Changes will come into effect on January 1, 2022 for the type of temporary traffic barriers that can be used on Australian roads. Here’s a quick look at what’s changing, how it affects Coates customers and other contractors, plus some tips on choosing the right temporary barrier for your next project.
NCHRP 350 and MASH are the two most common crash test standards for temporary barriers used on the Australian road network. However, any new contracts signed between a head contractor and the relevant road authority from January 1, 2022 will be required to deploy MASH-approved barriers.
“This means that any contracts signed before this date, regardless of when the barriers will be installed, can adhere to the MASH or NCHRP 350 standard,” explains Paul Elsdon, Coates Traffic Product Specialist. “But any contracts signed on or after January 1 must adhere to MASH.”
First adopted in Australia in 2009, MASH is an American crash test standard designed to ensure the safety and effectiveness of a range of road safety products. In 2018, almost a decade after this standard was introduced, the Austroads Safety Barrier Assessment Panel (ASBAP) set a target deadline for phasing out NCHRP 350 and mandating MASH. This change allows one road safety product standard to be consistently applied across Australia. It also ensures that the standard of Australian road safety products aligns with Australia’s changing vehicle trends.
The most significant differences between these standards are the sizes of vehicles used during testing, and the increase in the angle of impact applied for some particular tests.
In the last 10-15 years, the dual-cab ute has become increasingly popular on Australian roads and the size of Australia’s general road fleet has grown significantly too. To mirror this trend, MASH testing uses vehicles that are heavier than the NCHRP 350 standard.
“MASH applies more rigorous testing criteria, designed to accommodate more severe impact scenarios than the existing NCHRP 350 standard,” says Paul. “Mandating MASH is really about ensuring that the very safest barriers are deployed on Australian roads to help keep drivers, construction workers and all other road users safe.”
The main requirement for head contractors is to ensure that from January 1, 2022 only MASH-approved temporary barriers are specified and deployed on Australian roads for contracts signed in 2022. While most Australian hire companies will have some MASH products available, the responsibility falls on the contractor to ensure this standard is met.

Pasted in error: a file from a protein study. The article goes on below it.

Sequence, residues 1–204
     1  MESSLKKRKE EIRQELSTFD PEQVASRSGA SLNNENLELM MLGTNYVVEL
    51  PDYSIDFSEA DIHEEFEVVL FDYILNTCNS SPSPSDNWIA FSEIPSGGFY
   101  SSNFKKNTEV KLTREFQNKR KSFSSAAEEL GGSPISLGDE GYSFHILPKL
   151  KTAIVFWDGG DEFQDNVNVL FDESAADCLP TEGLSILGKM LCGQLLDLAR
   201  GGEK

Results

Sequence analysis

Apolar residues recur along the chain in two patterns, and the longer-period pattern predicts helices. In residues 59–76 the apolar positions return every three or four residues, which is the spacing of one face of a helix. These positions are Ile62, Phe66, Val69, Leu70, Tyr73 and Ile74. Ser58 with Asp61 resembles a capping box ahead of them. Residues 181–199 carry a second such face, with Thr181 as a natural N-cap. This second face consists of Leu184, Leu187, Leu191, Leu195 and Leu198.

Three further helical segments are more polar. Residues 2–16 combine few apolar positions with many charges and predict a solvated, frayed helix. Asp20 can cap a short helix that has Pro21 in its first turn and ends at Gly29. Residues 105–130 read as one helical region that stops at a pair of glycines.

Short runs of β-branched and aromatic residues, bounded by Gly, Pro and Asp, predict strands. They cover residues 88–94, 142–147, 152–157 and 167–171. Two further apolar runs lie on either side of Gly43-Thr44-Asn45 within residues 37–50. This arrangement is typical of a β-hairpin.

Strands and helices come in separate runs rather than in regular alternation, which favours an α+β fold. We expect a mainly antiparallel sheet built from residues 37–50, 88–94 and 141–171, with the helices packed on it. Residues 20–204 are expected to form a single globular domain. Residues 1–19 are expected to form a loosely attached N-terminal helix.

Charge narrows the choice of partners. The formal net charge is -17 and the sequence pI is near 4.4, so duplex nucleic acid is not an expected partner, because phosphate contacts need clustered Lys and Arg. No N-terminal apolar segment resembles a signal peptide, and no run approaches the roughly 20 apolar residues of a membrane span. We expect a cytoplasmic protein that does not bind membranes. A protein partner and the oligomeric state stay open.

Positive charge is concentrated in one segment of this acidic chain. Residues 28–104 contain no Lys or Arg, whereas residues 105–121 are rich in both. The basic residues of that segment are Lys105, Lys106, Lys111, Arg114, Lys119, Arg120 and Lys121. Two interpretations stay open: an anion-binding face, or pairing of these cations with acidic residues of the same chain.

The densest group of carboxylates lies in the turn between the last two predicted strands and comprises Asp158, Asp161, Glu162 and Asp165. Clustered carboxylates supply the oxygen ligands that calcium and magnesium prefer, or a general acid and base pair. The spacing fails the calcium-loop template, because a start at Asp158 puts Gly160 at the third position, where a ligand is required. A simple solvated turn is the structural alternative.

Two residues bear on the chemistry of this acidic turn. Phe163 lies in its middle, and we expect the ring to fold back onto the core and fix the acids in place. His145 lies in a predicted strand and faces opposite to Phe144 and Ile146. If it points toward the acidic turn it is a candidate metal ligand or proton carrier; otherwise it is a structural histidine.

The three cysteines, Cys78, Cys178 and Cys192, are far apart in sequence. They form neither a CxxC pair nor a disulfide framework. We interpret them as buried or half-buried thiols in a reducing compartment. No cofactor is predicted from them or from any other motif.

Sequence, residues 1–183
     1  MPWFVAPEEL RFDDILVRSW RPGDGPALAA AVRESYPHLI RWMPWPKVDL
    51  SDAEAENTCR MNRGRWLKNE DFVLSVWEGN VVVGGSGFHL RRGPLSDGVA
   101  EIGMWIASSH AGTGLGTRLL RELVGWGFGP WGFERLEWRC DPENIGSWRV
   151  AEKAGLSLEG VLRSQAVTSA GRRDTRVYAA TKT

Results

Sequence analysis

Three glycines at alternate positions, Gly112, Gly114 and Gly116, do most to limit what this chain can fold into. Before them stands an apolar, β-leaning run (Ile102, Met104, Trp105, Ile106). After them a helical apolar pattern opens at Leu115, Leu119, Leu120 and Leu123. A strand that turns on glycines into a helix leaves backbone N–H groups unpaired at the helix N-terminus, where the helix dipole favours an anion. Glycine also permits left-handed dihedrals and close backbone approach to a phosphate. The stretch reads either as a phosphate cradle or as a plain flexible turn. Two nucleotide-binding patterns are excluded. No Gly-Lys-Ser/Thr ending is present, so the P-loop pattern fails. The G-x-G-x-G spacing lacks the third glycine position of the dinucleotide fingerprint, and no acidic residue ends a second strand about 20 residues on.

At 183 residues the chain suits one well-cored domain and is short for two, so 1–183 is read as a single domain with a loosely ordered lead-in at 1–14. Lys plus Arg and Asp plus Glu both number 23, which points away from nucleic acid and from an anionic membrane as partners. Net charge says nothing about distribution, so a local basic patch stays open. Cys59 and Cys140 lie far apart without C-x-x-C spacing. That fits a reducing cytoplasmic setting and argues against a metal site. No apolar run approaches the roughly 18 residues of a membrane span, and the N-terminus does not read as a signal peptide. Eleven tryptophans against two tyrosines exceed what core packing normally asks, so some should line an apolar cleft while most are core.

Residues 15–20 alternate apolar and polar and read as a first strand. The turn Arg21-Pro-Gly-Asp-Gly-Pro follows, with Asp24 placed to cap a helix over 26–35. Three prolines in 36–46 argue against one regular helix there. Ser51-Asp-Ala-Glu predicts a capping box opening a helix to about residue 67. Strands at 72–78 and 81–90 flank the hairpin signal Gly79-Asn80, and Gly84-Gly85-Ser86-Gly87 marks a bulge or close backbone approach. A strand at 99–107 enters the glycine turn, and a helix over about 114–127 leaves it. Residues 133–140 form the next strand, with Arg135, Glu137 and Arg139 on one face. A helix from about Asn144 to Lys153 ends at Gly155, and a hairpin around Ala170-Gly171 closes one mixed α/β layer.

When construction teams are working on or near roads they need adequate separation and protection from wayward cars, moving debris, and other unexpected intrusions. Drivers and other road users also need protection in the event of a collision, making designing and implementing safe temporary traffic barrier solutions an important part of any road construction project.
Here are some things to think about ahead of your next temporary traffic barrier design.
1. MASH-approved products
From January 2022 choosing MASH approved products is a legal requirement for all head contractors. For guidance, refer to the relevant road authority’s website for the products that are accepted within individual jurisdictions, or speak to a Coates product specialist.
2. Ease of installation
The ease of transporting, installing and removing barriers is another important factor. Coates end-to-end solutions support customers with all aspects of temporary barrier delivery, installation and removal.
3. Work site requirements
Understanding these and many other work site constraints and requirements can help you to design a temporary barrier solution that meets your unique project needs.
Coates offers customers a wide range of MASH approved traffic barrier products Australia-wide, with additional NCHRP 350-approved products available for deployment and contracts signed before the MASH deadline. Coates also supports customers in choosing the safest and most cost-effective road safety products, drawing on considerable industry experience designing and implementing traffic management solutions.
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